Will you kindly give a tongue lashing to the racist of the board, AmericanSpartan? Thank you. I'd like to see it.
  8. Sorry, but you have failed. That verse does not contain the words "Grace is irresistible." You can interpret it that way, but that's not what the verse says. You had to admit there was "relational language" in the Bible. Yet you have stuck to your guns that there isn't a verse that says "Have a relationship with Jesus." Likewise there is no verse that says "Grace is irresistible." If you were honest you would simply admit that. But you aren't honest.
  9. View Conversation
    Acts 13:48
    And when the Gentiles heard this, they began rejoicing and glorifying the word of the Lord, and as many as were appointed to eternal life believed.
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About jmdrake

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9/11 Thermate experiments

Winston Churchhill on why the U.S. should have stayed OUT of World War I

"I am so %^&*^ sick of this cult of Ron Paul. The Paulites. What is with these %^&*^ people? Why are there so many of them?" YouTube rant by "TheAmazingAtheist"

"We as a country have lost faith and confidence in freedom." -- Ron Paul

"It can be a challenge to follow the pronouncements of President Trump, as he often seems to change his position on any number of items from week to week, or from day to day, or even from minute to minute." -- Ron Paul
Quote Originally Posted by Brian4Liberty View Post
The road to hell is paved with good intentions. No need to make it a superhighway.
Quote Originally Posted by osan View Post
The only way I see Trump as likely to affect any real change would be through martial law, and that has zero chances of success without strong buy-in by the JCS at the very minimum.


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Recent Entries

How Ron Paul could smack down Iran critics

by jmdrake on 05-15-2013 at 08:34 AM
Quote Originally Posted by jmdrake View Post
Ron needs to quit playing defense and go on offense. It's not enough to say "the Soviet Union was worse than Iran." If he could point out the following documented facts it would shut the naysayer up for good or at least make them back-peddle.

1) In 2003 Iran was the only Muslim country to help us fight and remove the Taliban from power.

See: Jane's Defense Weekly India joins anti-Taliban coalition. "India is believed to have joined Russia, the USA

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The new bill of rights.

by jmdrake on 05-15-2013 at 08:33 AM
Quote Originally Posted by jmdrake View Post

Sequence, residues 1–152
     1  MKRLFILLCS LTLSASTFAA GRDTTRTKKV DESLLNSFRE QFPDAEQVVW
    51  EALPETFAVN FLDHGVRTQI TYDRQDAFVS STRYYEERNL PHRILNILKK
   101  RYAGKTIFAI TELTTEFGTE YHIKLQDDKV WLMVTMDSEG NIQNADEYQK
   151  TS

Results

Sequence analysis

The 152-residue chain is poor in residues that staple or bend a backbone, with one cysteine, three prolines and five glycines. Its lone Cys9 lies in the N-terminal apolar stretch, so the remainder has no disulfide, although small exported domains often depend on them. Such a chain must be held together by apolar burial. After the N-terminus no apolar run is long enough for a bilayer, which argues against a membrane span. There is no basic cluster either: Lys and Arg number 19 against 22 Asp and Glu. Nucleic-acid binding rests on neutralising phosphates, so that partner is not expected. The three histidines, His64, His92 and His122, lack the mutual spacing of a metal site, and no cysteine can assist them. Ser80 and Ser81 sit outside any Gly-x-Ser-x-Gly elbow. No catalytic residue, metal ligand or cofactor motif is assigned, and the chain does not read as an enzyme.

This parody is an attempt to "rewrite" the bill of rights in keeping with the current application by our criminal government. Original text will be in italics followed by a list of possible options.

Amendment I

Congress shall make no law respecting an establishment of religion, or prohibiting the free exercise thereof; or abridging the freedom of speech, or of the press; or the right of the people peaceably to assemble, and to petition the government

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Federal Reserve advised gold standard for Russia

by jmdrake on 05-15-2013 at 08:32 AM
Quote Originally Posted by jmdrake View Post
I ran across this information by accident (providence?) while looking for something else. The first link is an essay from Jude Wanniski who went with fed governor Wayne Angell to Moscow right after the collapse of the soviet union. Note that Angell advocated the new Russia to go to a gold backed currency! The second link is an online Google book from the Mises institute that talks about the same essay. I've excerpted the essay bellow. (It's too long to post directly). It's interesting to note

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Washington Post 2002 : The U.S. pushed jihad on Afghan schoolchildren.

by jmdrake on 09-13-2011 at 01:15 PM
Quote Originally Posted by dannno View Post
From U.S., the ABC's of Jihad
Violent Soviet-Era Textbooks Complicate Afghan Education Efforts

By Joe Stephens and David B. Ottaway
Washington Post Staff Writers
Saturday, March 23, 2002; Page A01

In the twilight of the Cold War, the United States spent millions of dollars to supply Afghan schoolchildren with textbooks filled with violent images and militant Islamic teachings, part of covert attempts to spur resistance to the Soviet occupation.